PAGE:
Looking to push the performance of solar cells to new levels, researchers at the University of Toledo (UToledo) in Ohio have made a significant breakthrough in the chemical formula and process to make a new material, the university has announced.
Working in collaboration with the U.S. Department of Energy’s (DOE) National Renewable Energy Lab (NREL), Dr. Yanfa Yan, a UToledo professor of physics, envisions that an ultra-high-efficiency material called a tandem perovskite solar cell will be ready to debut in full-sized solar panels in the consumer market in the near future.
Perovskites, compound materials with a special crystal structure formed through chemistry, would replace silicon, which, for now, remains the solar-cell material of choice, explains UToledo.
“We are producing higher-efficiency, lower-cost solar cells that show great promise to help solve the world energy crisis,” Yan says. “The meaningful work will help protect our planet for our children and future generations. We have a problem consuming most of the fossil energies right now, and our collaborative team is focused on refining our innovative way to clean up the mess.”
A new research paper, published in the journal Science, outlines how Yan’s photovoltaics team is fine-tuning a mix of lead and tin to advance the technology closer to its maximum efficiency. Efforts have currently brought the efficiency of the new solar cell to about 23%; in comparison, silicon solar panels on the market today have around an 18% efficiency rating, according to the researchers.
Scientists used a chemical compound called guanidinium thiocyanate to dramatically improve the structural and optoelectronic properties of the lead-tin mixed perovskite films.
About five years ago, Yan’s team at UToledo identified the ideal properties of perovskites, and he has since focused his 20 years of experience on producing an all-perovskite tandem solar cell that brings together two different solar cells to increase the total electrical power generated by using two different parts of the sun’s spectrum.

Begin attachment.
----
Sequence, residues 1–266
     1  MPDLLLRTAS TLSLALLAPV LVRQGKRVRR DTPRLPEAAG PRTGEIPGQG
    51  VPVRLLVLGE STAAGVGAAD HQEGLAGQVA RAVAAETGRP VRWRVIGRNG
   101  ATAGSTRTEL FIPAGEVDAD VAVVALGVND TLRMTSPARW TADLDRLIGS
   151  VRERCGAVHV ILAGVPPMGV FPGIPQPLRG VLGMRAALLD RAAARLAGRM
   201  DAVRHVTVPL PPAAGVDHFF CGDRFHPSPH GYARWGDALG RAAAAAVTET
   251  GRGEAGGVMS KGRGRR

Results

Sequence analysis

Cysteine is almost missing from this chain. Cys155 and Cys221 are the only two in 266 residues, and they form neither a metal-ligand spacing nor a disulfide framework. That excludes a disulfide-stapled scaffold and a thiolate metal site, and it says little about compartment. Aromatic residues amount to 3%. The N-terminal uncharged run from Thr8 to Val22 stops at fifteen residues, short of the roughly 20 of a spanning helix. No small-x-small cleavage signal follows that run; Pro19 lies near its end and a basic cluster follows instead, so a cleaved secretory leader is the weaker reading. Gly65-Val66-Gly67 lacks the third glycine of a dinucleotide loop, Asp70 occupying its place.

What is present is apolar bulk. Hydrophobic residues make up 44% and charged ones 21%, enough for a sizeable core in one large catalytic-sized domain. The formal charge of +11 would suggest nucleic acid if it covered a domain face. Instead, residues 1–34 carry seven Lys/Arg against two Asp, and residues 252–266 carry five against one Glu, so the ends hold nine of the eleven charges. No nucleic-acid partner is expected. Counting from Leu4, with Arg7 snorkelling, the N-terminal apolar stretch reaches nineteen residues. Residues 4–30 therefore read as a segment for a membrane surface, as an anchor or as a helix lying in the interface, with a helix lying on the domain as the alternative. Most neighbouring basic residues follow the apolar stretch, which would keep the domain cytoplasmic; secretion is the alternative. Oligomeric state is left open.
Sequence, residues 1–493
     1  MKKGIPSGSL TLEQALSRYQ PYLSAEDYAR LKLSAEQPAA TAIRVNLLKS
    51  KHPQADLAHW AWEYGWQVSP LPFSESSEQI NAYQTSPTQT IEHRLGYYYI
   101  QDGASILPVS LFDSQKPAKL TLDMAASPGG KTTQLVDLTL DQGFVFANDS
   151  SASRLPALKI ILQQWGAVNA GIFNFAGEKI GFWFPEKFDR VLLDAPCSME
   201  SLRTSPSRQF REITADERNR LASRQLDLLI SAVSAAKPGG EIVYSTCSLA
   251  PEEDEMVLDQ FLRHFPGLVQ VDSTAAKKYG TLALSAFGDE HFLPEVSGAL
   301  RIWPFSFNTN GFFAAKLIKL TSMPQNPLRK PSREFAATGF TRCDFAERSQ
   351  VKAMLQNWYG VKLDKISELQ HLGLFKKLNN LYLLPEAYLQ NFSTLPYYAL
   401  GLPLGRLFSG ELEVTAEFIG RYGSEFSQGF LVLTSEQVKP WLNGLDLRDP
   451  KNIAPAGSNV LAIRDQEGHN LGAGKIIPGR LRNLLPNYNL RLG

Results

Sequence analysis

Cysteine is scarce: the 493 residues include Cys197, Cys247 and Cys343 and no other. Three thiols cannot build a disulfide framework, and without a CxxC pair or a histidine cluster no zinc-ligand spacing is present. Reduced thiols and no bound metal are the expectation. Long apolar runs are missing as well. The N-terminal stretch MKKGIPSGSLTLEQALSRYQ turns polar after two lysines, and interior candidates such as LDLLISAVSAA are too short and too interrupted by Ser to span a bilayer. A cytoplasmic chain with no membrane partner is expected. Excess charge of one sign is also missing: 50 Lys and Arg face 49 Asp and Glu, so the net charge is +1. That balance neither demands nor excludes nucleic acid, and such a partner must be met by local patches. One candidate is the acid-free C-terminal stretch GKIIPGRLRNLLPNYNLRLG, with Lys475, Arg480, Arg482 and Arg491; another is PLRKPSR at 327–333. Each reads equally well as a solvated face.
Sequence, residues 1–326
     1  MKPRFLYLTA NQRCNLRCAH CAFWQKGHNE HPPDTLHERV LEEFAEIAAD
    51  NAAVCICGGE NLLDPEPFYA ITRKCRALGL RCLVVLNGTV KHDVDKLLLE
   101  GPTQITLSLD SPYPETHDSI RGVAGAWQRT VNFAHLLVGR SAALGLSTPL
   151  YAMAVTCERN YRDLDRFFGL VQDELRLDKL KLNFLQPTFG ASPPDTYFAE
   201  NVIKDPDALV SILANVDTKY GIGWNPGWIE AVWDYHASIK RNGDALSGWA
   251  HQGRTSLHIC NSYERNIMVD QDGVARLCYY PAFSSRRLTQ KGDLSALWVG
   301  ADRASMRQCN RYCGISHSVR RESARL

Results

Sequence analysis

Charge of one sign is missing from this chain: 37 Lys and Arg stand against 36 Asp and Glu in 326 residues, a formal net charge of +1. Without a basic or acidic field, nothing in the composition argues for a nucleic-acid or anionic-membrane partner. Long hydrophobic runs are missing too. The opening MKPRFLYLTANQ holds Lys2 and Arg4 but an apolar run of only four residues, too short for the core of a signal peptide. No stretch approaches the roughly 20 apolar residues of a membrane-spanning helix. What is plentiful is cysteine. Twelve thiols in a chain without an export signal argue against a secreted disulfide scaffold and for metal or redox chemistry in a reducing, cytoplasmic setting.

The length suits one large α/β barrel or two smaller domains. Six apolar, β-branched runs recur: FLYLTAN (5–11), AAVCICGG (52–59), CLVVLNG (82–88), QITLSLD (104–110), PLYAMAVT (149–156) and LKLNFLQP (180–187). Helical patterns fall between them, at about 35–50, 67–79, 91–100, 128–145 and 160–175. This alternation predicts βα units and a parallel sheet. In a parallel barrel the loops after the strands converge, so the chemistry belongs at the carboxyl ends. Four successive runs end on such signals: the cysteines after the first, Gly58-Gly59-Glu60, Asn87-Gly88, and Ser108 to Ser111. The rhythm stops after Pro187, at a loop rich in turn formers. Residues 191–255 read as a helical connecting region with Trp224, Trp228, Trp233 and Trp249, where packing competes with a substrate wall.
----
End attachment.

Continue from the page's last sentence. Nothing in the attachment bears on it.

Last month, the DOE awarded Yan a $1.1 million grant to continue his research in collaboration with NREL.
“This is the material we’ve been waiting for for a long time,” Yan says. “The solar industry is watching and waiting. Some have already started investing in this technology.”
“Our UToledo research is ongoing to make cheaper and more efficient solar cells that could rival and even outperform the prevailing silicon photovoltaic technology,” says Dr. Zhaoning Song, research assistant professor in the UToledo Department of Physics and Astronomy and co-author on the study. “Our tandem solar cells with two layers of perovskites deliver high-power conversion efficiency and have the potential to bring down production costs of solar panels, which is an important advance in photovoltaics.”
Though Yan’s team has improved the quality of the materials and the process to manufacture them at a low cost, more progress needs to be made, they say.
“The material cost is low and the fabrication cost is low, but the lifetime of the material is still an unknown,” Song says. “We need to continue to increase efficiency and stability.”
“Also, lead is considered a toxic substance,” adds Yan. “I am determined to work with the solar industry to ensure solar panels made of this material can be recycled so they don’t cause harm to the environment.”